As I've noted previously, there have been attempts to question the scientific peer review process following the Hwang Woo Suk scandal. But a Rick Weiss article in the Washington Post over the weekend helpfully explains why it's naive to think that peer reviewers can catch this kind of chicanery:
Despite all the recent hand-wringing, there may be precious few new lessons to be learned from the Korean debacle, several experts said. Even the journal editors who promised to beef up their screening of submitted manuscripts say privately they doubt there is a practical way to intercept the small proportion of scientists determined to cheat.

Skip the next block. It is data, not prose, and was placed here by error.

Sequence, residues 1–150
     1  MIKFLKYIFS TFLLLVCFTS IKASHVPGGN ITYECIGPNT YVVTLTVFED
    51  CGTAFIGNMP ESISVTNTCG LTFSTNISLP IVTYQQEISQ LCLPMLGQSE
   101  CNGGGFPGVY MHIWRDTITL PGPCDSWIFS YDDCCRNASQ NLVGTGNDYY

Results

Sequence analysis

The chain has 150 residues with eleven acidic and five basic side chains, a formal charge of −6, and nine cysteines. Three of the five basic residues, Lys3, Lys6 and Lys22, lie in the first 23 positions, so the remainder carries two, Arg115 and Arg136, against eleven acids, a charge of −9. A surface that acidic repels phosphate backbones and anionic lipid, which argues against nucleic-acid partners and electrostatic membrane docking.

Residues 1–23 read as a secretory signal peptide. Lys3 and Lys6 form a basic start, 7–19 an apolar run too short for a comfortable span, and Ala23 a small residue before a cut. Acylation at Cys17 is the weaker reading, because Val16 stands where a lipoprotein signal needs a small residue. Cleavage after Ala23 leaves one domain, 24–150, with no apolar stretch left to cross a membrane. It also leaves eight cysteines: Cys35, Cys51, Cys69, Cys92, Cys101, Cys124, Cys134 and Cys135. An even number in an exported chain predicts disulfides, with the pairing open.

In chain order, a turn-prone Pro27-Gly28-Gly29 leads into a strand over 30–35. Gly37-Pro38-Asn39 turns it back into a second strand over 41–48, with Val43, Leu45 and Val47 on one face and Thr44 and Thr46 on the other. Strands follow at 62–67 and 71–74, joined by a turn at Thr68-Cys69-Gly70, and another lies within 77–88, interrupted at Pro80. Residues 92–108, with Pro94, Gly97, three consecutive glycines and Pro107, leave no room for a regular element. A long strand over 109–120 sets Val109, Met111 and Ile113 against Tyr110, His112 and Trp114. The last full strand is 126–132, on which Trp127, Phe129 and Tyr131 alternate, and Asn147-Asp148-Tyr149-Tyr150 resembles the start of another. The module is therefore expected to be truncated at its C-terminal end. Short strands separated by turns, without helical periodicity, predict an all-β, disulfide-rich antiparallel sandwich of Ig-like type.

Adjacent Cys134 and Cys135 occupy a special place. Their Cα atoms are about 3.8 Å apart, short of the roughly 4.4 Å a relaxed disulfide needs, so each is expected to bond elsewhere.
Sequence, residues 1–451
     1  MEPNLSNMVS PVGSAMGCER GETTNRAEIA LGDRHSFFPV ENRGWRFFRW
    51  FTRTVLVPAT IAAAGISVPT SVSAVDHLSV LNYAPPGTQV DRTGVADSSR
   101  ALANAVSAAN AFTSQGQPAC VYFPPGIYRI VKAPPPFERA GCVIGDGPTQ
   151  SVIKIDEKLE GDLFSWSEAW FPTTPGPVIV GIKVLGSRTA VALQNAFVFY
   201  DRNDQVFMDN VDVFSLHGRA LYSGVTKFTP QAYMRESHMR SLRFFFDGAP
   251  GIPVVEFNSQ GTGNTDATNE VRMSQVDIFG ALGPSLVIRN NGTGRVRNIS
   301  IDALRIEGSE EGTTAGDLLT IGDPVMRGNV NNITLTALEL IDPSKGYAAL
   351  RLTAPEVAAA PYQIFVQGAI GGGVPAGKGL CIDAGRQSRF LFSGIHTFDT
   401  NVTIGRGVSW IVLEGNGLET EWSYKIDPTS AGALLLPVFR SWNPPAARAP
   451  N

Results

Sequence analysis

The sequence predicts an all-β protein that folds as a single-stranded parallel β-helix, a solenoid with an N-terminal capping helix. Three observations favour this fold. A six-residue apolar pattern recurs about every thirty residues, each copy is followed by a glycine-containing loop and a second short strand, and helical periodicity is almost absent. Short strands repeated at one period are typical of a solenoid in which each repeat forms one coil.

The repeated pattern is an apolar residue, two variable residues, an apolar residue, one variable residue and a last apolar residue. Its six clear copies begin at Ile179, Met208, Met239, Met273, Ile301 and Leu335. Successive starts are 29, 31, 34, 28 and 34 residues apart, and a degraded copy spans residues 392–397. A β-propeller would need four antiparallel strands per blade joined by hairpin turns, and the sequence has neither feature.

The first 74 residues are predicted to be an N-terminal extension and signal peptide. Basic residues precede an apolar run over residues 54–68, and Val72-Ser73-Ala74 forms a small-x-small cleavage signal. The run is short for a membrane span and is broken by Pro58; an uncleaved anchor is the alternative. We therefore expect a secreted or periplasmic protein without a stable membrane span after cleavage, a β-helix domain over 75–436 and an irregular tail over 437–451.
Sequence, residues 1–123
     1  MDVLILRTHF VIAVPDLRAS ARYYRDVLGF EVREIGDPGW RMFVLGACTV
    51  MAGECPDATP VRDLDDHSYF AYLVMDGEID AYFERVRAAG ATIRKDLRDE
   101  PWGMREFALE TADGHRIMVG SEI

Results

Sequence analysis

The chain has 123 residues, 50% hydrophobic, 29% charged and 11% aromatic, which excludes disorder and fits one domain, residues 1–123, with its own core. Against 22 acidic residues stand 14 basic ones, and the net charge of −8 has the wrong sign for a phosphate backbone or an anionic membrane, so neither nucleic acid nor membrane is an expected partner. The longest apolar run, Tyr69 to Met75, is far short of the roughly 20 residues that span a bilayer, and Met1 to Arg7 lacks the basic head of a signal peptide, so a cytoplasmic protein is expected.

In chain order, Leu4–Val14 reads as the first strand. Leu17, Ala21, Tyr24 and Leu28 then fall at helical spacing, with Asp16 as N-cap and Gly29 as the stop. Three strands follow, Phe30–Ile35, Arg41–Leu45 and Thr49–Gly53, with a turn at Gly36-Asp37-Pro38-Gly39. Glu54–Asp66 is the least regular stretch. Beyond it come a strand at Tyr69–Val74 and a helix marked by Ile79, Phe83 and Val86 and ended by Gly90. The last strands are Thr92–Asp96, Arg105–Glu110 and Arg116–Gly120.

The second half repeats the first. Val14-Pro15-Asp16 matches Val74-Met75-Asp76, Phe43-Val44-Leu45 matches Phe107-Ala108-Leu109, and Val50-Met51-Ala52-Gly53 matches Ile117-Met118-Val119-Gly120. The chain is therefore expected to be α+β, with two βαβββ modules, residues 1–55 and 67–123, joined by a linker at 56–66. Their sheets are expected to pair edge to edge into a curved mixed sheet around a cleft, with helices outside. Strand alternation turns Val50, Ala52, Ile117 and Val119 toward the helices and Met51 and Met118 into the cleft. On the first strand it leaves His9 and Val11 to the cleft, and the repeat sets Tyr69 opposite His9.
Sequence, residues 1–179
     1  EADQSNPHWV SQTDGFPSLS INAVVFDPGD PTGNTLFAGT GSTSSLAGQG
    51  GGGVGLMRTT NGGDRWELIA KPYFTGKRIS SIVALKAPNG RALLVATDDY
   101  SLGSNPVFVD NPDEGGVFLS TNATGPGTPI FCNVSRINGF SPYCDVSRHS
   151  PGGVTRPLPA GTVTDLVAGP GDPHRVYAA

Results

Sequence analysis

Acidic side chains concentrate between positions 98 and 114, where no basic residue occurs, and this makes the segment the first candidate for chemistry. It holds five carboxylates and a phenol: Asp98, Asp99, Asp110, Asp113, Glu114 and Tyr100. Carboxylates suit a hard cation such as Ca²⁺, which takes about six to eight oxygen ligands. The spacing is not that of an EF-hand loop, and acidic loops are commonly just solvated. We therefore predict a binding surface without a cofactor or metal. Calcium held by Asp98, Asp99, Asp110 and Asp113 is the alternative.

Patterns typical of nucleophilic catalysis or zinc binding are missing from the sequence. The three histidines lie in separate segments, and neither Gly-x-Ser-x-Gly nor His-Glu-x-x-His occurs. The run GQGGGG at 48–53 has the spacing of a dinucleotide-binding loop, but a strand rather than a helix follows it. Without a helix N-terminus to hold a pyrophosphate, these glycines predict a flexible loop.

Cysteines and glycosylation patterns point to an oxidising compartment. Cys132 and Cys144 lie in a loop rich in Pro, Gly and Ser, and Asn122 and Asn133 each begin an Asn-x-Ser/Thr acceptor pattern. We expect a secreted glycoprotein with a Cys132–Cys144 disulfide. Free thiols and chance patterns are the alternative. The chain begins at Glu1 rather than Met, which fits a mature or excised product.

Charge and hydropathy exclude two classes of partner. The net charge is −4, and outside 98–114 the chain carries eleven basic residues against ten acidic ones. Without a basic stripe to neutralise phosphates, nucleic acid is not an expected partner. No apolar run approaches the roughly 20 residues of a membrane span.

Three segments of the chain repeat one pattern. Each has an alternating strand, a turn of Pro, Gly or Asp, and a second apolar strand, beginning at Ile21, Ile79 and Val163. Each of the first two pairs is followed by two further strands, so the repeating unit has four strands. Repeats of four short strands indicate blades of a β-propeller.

In the end, several noted, most research misconduct that comes to light, including Hwang's, does so for the most old-fashioned of reasons: Colleagues or former co-workers turn in the cheaters. This should have been obvious--but unfortunately, too many conservatives have seized on the Hwang scandal and tried to use it as a club against the scientific community (which they have their problems with for other reasons). So it's important to set the record straight. Frauds will always exist, but that doesn't make anyone else responsible for their transgressions--unless they are willing accomplices. Scientific journal editors certainly aren't that.